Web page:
June is National Aphasia Awareness Month

Monday, June 5, 2017

According to the Centers for Disease Control and Prevention, strokes afflict over 795,000 Americans every year. They’re the fifth leading cause of death and the most common cause of disability in the United States.

In addition to potential physical impairments, a stroke can affect a patient’s ability to communicate as well. Approximately 25-40% of stroke patients suffer from aphasia, a common yet little-known condition that impacts a person’s speech and language skills.

Aphasia occurs in many forms. It can affect the patient’s ability to read, write, speak or understand verbal communication. The condition does not affect a patient’s intelligence, and most achieve some degree of recovery when they work alongside a speech-language pathologist (SLP).

An SLP determines each patient’s specific needs, and works with them in an effort to re-establish functional communication skills.

Therapies for Patients with Aphasia

Depending on a patient’s specific impairments and their goals, therapy activities may focus on developing word-finding strategies, strengthening the patient’s ability to understand and respond to simple and complex topics, or even identifying an alternative means for the patient to communicate wants, needs, and ideas, such as a communication board or iPad app. The goal is to improve the patient’s functional skills and promote social participation across environments. Activities within therapy may include functional written tasks (e.g., making grocery lists or writing emails to family), expressive language exercises (i. e., reading aloud, naming family, places, and items within the home, or verbalizing work related sequences) and comprehension tasks. Strategy training is also a must for maximizing communication within a patient’s environment.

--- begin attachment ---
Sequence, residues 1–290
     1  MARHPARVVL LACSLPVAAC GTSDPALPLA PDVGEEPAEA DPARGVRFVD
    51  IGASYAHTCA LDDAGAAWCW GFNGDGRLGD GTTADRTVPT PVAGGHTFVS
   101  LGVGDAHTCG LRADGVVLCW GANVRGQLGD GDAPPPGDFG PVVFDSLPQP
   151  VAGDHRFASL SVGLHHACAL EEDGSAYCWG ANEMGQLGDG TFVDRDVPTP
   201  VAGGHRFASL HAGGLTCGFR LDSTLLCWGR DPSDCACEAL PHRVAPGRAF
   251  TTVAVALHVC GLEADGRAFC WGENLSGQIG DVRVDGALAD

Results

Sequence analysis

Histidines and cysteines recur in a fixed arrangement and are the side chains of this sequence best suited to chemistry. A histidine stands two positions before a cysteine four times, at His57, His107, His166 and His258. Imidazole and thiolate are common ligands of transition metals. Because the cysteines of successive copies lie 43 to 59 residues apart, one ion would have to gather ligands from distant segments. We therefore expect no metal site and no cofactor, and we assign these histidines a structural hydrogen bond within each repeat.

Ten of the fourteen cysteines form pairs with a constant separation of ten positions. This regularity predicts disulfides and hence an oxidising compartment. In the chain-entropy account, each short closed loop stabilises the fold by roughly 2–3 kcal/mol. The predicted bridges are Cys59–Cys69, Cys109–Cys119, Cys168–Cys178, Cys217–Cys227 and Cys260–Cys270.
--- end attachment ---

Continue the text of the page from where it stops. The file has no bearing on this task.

Communicating with Your Loved One

Speech-language pathologists may also counsel the patient’s loved ones on the best methods for effective communication.

Here are a few suggestions for communicating with a person with aphasia, according to the American Speech-Language and Hearing Association.

- Use simple, direct wording

- Speak slowly, but naturally

- If expression is severely impaired, ask yes/no questions rather than questions that may require a more complex response

- Use a variety of modes of communication (write keywords, gesture, draw), and encourage the person with aphasia to do the same

- Be patient and allow the person extra time to process and communicate information

- If the person is stuck trying to think of a word, ask what it looks like, where it is found, what it is used for, etc.

- Accept imperfect speech or grammar if it gets the idea across (avoid correcting)

- Assume the person with aphasia is a competent adult in spite of communication problems

Watson Clinic’s Speech-Language Pathologists Can Help

Aphasia can also occur as a result of a brain tumor or head injury. Whatever the cause, speech-language pathologists can help improve a patient’s function and quality of life. Patients can continue to improve throughout the remainder of their lives as long as they engage in ongoing rehabilitation efforts.

Watson Clinic’s certified speech-language pathologists diagnose and treat a variety of disorders related to speech, voice, swallowing and cognition. Appointments are available through a physician referral. For more information on the department, and the range of services they offer, call 863-680-7486.


Sarah Almaguer, MS, CCC-SLP
Julie Barrientes, MS, CCC-SLP
Jennifer Barr, MS, CCC-SLP


Watson Clinic Bella Vista Building
 1755 N. Florida Ave.
Lakeland, FL 33805
Watson Clinic Main

1600 Lakeland Hills Blvd.
Lakeland, FL 33805


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